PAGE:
Congratulations on your success! You’re no longer needed.

After a number of years in the knowledge management space, I have come to realize that I know I am successful when I am no longer needed in the role I was hired to play. KM professionals generally get hired to “fix” things – better content management or search capabilities; better processes for storytelling and sharing; better mechanisms to capture tacit knowledge or connect people to people.

Once these systems, processes and expectations have been communicated and integrated into the way people work, what then? The goal for every KM professional is to work yourself out of a job.

KM professionals are like organizational SWAT team members – they come in, assess the situation, set up culture-appropriate processes, measure success and move on to the next opportunity whether it be within the same organization or a different one.

This is a scary proposition in a down economy…the fact that if I do my job right, I won’t have one in the future. But, I think it is the true test of success. Having KM processes and systems part of a culture and a way of doing business really ought to be our ultimate goal.

Now, this can take years…especially if leadership desires change that may not be indicative of the current culture but of a future state they envision. So, we can probably relax a little as we all certainly have work to do. However, we should always be looking for future opportunities to fix and depart from.

Can KM and AR work together?

I love to read – Harvard Business Review and Fast Company being my favorite business reads; FBI crime thrillers my favorite leisure read. Sandra Brown and Catherine Coulter really know how to write engaging dialogue! I used to just skim Fast Company for big ideas but I have been reading most of the articles now because while they may not be completely related to my profession as a communicator, I find that in every technology, innovation and green article, there is something I can take away about what the future may hold. And, I challenge myself to draw connections and be forward-thinking.

In November’s issue, an article on Augmented Reality (AR) caught my eye, and I put my futurist hat on to think about the link between Knowledge Management and AR. AR is the technology concept where you can be visiting Paris, walking by the Eiffel Tower and your device will know where you are based on GPS and display historical information about the Eiffel Tower. I would be nervous if I was a tour guide.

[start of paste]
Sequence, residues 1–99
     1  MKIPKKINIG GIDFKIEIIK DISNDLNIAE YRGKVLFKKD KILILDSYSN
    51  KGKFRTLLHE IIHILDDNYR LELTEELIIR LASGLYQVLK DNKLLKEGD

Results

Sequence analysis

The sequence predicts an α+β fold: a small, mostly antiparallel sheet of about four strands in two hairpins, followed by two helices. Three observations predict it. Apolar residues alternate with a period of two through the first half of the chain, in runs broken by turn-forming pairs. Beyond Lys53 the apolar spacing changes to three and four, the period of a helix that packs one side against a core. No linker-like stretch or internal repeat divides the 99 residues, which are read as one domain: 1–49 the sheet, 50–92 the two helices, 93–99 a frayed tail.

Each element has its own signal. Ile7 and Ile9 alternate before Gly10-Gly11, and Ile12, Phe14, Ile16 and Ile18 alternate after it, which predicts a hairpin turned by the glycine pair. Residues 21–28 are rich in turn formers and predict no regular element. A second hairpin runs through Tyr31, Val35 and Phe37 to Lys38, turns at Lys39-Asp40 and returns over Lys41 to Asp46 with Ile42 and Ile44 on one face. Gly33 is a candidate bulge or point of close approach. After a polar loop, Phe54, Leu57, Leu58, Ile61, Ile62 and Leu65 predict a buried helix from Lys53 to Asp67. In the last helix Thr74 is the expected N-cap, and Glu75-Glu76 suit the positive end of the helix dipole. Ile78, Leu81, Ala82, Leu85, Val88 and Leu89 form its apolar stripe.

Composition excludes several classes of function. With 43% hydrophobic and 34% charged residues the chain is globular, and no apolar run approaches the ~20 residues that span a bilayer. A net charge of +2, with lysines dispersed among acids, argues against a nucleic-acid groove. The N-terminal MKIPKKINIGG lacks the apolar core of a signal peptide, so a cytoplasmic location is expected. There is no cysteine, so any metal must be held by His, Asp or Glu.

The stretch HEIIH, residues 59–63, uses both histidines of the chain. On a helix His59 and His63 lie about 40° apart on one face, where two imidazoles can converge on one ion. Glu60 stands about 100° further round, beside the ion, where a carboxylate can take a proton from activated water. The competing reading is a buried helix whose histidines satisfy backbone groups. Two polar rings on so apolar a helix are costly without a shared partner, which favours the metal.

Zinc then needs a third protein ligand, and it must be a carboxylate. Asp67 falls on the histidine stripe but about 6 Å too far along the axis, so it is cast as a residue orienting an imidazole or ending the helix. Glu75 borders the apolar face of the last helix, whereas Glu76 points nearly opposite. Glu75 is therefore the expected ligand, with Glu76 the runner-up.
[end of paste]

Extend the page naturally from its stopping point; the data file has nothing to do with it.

What an astounding concept for knowledge management! Imagine if we could retrieve information about people that way…the new augmented expertise locator! Or, embed information about a system, process or experience this way. It wouldn’t depend on GPS because these are not tangible items like the Eiffel Tower but if they could depend on simple inputs like voice instead of GPS.

I could say: “Close deal with UPS.” And, videos of people telling stories could be downloaded to my mobile device telling me how to do that, a screen listing hot buttons about UPS, bios of decision-makers, and the list goes on and on.

What we can’t avoid is even with the convenience of AR, there still has to be someone who creates content. The ease in which we access that information can be aided by mobile devices, cloud computing and other technology but content will continue to be king.

Real Change?

Every month, I enjoy reading “The Future of the Future” column in KM World. In April’s article, Art Murray wrote part one of a two-part piece on Real Change and how companies should be transforming their way of doing business.

I loved all of his ideas: move from hierarchies to networks, eliminate silos, make learning systemic, focus on systemic improvements not band-aids, and be positive about how to make things work. Common sense tells us that, yes, these are all great ideas to make the organization run smoother and employees happier.

So, why do silos still exist? Why do we implement bandaids knowing they will peel off eventually? Why don’t people share information with each other freely?

In a word…FEAR. I hoard information to make myself more valuable. I don’t share in forums because I am afraid of looking stupid. I implement band-aids because doing something quick looks better than taking time to plan, which looks like I’m doing nothing.

I have spent my entire career championing ground-up, organic change. And, once leaders saw the degree of  crowd approval and desire, that was the tipping point to making that change a reality but it always needed an eventual leadership endorsement to become a business practice.

Lately, I have found that grassroots efforts aren’t enough to tip the scales if leaders aren’t willing to acknowledge and listen to the fear that permeates their employees. I think it takes a brave soul, willing to take a risk, to point out to leadership how to alleviate people’s fears.

I still think real change takes real leadership. Plain and simple. Real leadership is:

  • Setting expectations to share; in fact, hoarding should be disciplined
  • Empowering people to make mistakes…..once
  • Giving time to properly plan and discouraging band-aids, unless they make business sense
  • Assuring people to share ideas; don’t penalize if they are off the mark
  • Empowering people to make decisions
  • Delegating authority with tasks